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Friday, June 17, 2022

Review: Lessons in Chemistry by Bonnie Garmus

Lessons in Chemistry
by Bonnie Garmus
Narrated by Miranda Raison & Pandora Sykes

Thanks to Random House Audio for this delightful gifted audiobook.

Publisher: Random House Audio
Publish Date: April 5, 2022
11 hrs, 55 min
Genres: Historical Fiction, Contemporary

Chemist Elizabeth Zott is not your average woman. In fact, Elizabeth Zott would be the first to point out that there is no such thing as an average woman. But it’s the early 1960s and her all-male team at Hastings Research Institute takes a very unscientific view of equality. Except for one: Calvin Evans; the lonely, brilliant, Nobel–prize nominated grudge-holder who falls in love with—of all things—her mind. True chemistry results.

But like science, life is unpredictable. Which is why a few years later Elizabeth Zott finds herself not only a single mother, but the reluctant star of America’s most beloved cooking show Supper at Six. Elizabeth’s unusual approach to cooking (“combine one tablespoon acetic acid with a pinch of sodium chloride”) proves revolutionary. But as her following grows, not everyone is happy. Because as it turns out, Elizabeth Zott isn’t just teaching women to cook. She’s daring them to change the status quo.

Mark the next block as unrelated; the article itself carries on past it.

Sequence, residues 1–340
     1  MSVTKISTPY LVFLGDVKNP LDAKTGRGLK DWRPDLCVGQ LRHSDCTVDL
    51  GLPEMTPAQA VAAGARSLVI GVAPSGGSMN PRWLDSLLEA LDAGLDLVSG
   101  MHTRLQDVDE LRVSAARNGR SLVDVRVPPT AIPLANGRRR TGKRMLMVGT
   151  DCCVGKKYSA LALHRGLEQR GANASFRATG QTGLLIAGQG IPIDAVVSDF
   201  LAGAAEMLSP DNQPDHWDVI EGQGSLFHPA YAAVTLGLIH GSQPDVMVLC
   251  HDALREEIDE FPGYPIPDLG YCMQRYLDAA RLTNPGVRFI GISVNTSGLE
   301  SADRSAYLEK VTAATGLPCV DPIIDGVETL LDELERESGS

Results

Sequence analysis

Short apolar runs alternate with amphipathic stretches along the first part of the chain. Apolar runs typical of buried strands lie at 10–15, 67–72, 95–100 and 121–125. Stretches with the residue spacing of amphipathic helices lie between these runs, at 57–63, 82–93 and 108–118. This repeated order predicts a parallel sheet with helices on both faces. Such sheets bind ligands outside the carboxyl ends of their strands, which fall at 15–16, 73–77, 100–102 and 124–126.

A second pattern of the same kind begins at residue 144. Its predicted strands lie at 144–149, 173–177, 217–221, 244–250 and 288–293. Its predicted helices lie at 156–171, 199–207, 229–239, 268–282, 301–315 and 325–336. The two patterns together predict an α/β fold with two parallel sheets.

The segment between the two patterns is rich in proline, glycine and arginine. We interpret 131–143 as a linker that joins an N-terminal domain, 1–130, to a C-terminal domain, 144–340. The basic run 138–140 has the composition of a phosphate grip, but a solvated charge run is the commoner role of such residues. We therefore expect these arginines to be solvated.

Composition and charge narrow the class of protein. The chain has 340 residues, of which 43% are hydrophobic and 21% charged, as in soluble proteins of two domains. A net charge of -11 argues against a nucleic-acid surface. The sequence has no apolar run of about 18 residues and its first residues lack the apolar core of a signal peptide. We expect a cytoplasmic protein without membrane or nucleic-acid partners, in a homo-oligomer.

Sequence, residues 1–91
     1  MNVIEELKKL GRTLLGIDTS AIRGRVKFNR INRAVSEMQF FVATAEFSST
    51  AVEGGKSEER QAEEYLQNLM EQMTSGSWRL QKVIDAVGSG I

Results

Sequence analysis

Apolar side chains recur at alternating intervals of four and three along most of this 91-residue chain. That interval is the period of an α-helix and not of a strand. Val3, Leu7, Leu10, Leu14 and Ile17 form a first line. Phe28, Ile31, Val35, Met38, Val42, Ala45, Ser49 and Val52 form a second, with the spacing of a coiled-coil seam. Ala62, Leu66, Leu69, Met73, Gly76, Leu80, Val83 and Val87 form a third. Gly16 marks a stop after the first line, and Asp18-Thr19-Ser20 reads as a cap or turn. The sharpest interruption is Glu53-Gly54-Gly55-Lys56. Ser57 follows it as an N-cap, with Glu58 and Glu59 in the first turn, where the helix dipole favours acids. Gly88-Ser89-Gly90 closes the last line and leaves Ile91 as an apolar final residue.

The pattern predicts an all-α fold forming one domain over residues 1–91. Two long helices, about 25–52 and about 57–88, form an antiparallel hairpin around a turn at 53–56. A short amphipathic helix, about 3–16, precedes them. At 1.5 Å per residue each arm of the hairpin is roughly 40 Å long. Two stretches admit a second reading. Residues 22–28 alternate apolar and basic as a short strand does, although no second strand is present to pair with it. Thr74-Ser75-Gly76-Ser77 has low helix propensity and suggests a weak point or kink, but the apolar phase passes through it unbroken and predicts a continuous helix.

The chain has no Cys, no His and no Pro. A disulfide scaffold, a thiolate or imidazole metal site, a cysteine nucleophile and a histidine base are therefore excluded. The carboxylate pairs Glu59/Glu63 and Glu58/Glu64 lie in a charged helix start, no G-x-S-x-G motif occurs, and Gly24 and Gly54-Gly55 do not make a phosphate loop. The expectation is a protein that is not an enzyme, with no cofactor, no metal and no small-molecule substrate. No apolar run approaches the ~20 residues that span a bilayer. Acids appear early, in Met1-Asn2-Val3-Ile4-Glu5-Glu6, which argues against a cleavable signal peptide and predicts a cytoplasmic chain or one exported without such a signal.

Laugh-out-loud funny, shrewdly observant, and studded with a dazzling cast of supporting characters, Lessons in Chemistry is as original and vibrant as its protagonist.

My Review:

Chemistry, feminism, cooking, a precocious daughter and the small views through the eyes of Six Thirty make this quite an interesting and delightful listen.  Was this "laugh-out-loud funny" as the synopsis dictates - definitely not (at least not for me) but there were definite moments where I enjoyed the dryness of it all.

Elizabeth is a character who is very sure of what she thinks and what she will stand for.  Now the 60s weren't exactly screaming equality for women and it certainly wasn't doing it in science but because of people like Elizabeth, look where we are now. And she rows?  I would love to see that erg machine she had and see how it compares to the machines of today.  Let's see what the adaptation, that supposedly is coming, shows us!  

I would totally watch Supper at Six.  I think. I love cooking shows and how Elizabeth turns her cooking show into a place to help women rise (and keep to her roots in chemistry)... well, this is just a testament to her character.  She already knew dogs could understand more than we give them credit for (see how we have animal 'talking' buttons' these days?).  Six Thirty (their dog) and Mad (the daughter) are by far my favorites and is what brought *some* levity to this somewhat very serious book.  (Could we get Elizabeth to enjoy and laugh a bit more, eh?)

For the most part, I loved this book and what lessons it was teaching us.  However, I didn't expect it to be so serious and wanted the laughter it so promised. That being said, I couldn't stop listening and love that this story stemmed from the author having a very bad day at work dealing with sexism.  And as a debut? Hell yeah, Garmus!


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